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Understanding the const in Pine Script

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In Pine Script, the const keyword plays a crucial role in optimizing the performance and readability of your scripts. It is used to define values that are determined at compile time, meaning these values are set before the script even begins execution on a chart. This article dives deep into the concept of const values, showcasing how to properly utilize them in your Pine Script coding endeavors.

What are const Values?

const values are constants; once defined, their value does not change throughout the script’s execution. This immutability applies from the script’s compilation stage, making const values reliable for use in conditions that require unchanging data.

Types of Literal Values

Pine Script supports several types of literal values that can be marked as const:

  • Integer (int): Examples include 1, -1, 42
  • Floating-point (float): Examples are 1., 1.0, 3.14, 6.02E-23, 3e8
  • Boolean (bool): true, false
  • Color: Specified in hexadecimal, such as #FF55C6, #FF55C6ff
  • String: Text literals like “A text literal”, ‘Embedded double quotes “text”‘

Declaring const Variables

To declare a variable as constant, simply precede its declaration with the const keyword. Our style guide recommends naming these constants in uppercase SNAKE_CASE for better readability. Although not mandatory, using the var keyword alongside const for variable declarations is advised to ensure initialization only occurs once, at the first bar of the dataset.

Practical Example

Let’s examine the practical use of const values within the indicator() and plot() functions:

// Define global variables of the "const string" type for titles:
const string INDICATOR_TITLE = "Const Demo"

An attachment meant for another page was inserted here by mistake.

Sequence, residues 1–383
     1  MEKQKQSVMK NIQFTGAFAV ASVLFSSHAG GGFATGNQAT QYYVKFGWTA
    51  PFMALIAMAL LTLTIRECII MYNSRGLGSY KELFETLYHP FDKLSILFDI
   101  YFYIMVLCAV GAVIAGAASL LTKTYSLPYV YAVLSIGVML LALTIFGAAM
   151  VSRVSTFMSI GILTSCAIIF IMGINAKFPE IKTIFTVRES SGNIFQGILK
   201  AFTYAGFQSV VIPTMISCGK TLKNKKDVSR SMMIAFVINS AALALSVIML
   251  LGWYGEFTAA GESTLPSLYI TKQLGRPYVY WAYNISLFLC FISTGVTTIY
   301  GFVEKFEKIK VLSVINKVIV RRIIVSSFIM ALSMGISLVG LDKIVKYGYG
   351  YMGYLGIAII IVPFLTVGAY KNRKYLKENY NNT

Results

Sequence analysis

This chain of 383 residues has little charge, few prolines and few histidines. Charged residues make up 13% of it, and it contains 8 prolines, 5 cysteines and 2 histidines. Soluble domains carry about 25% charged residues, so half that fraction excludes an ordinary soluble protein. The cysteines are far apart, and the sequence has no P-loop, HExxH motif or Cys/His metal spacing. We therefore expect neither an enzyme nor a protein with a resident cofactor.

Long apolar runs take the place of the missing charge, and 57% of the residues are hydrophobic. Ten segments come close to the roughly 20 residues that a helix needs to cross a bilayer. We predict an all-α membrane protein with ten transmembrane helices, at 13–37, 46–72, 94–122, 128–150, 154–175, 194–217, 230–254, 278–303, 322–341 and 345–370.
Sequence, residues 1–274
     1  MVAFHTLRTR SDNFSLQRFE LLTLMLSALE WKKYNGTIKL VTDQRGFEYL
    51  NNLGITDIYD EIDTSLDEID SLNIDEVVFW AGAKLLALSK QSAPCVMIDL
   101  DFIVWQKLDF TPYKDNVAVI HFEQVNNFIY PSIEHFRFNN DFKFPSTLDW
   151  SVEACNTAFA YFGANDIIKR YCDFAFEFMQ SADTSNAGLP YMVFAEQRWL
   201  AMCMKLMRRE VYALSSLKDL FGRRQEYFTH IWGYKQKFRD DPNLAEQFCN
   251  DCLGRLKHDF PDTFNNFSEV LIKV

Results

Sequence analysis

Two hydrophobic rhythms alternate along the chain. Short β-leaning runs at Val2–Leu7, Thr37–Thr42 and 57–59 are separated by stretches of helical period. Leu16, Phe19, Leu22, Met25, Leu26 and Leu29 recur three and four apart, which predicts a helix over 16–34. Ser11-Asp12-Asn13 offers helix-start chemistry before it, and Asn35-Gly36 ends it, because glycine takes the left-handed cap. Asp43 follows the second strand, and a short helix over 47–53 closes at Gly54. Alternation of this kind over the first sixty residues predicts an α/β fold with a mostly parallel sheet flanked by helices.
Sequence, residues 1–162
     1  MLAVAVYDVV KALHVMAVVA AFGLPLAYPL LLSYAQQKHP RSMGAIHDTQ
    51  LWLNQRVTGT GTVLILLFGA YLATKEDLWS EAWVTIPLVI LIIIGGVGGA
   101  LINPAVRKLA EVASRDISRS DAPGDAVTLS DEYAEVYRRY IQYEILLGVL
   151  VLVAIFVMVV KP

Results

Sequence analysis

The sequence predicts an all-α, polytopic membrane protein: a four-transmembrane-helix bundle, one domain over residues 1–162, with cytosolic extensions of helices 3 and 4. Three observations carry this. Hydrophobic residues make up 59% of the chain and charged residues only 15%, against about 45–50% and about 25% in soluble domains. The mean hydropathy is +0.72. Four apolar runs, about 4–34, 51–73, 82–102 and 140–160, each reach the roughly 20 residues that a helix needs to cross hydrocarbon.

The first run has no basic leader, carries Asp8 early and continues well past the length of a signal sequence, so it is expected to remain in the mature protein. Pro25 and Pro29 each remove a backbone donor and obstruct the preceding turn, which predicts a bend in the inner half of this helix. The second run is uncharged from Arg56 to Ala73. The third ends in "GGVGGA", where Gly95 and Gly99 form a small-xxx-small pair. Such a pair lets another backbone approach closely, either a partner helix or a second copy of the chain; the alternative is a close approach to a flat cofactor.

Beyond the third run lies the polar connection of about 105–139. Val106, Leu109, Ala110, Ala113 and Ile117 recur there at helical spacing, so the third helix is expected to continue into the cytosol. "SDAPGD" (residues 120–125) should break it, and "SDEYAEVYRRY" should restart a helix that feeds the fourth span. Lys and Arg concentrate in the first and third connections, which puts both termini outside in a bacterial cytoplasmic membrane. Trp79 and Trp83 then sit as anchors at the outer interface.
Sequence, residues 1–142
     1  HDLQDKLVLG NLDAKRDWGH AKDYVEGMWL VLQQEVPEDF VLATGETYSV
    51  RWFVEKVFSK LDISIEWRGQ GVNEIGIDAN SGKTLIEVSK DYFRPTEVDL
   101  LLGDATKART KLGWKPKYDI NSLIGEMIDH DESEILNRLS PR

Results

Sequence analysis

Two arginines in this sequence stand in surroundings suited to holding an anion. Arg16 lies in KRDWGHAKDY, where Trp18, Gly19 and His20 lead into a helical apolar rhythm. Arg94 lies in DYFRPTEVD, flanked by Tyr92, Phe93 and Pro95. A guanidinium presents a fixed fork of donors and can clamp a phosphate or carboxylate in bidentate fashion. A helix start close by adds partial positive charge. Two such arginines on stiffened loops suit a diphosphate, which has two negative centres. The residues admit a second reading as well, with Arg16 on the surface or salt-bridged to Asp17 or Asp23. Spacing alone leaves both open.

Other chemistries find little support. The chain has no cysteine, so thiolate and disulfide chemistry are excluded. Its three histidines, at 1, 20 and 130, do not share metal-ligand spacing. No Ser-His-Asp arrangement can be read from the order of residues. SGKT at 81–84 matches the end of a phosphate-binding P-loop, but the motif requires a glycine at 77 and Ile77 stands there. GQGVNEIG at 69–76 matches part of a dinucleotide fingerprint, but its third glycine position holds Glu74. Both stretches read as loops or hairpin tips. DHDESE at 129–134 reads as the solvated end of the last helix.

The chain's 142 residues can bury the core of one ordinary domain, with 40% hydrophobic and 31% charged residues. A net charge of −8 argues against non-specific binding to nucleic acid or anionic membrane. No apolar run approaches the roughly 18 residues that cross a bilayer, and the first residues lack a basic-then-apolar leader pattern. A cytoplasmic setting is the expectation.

var const string PLOT1_TITLE = "High"
const string PLOT2_TITLE = "Low"
const string PLOT3_TITLE = "Midpoint between " + PLOT1_TITLE + " and " + PLOT2_TITLE

indicator(INDICATOR_TITLE, overlay = true)
plot(high, PLOT1_TITLE)
plot(low, PLOT2_TITLE)
plot(hl2, PLOT3_TITLE)

In this example, we define several const variables to hold titles for our indicators and plots. Note the use of const to ensure these titles do not change, ensuring consistency across the script’s execution.

Common Pitfall: Compilation Error Example

Attempting to use dynamic values, such as syminfo.ticker, which change based on the chart information at runtime, in conjunction with const will lead to compilation errors. This is because const values must be determined at compile time.

var NAME = "My indicator for " + syminfo.ticker // Incorrect usage

indicator(NAME, "", true) // This will cause a compilation error

The above snippet illustrates a common mistake, attempting to concatenate a constant string with a dynamic value (syminfo.ticker), which is not allowed for const variables.

Key Takeaways

  • Use of const: Enables defining immutable values that are set at compile time.
  • Naming Convention: Uppercase SNAKE_CASE for better readability of const variables.
  • Initialization: Consider using var with const for variables to ensure they’re only initialized once.
  • Compatibility: const values cannot be combined with dynamic values that change at runtime.

By adhering to these guidelines and understanding the use cases for const in Pine Script, developers can create more efficient, readable, and error-free scripts.

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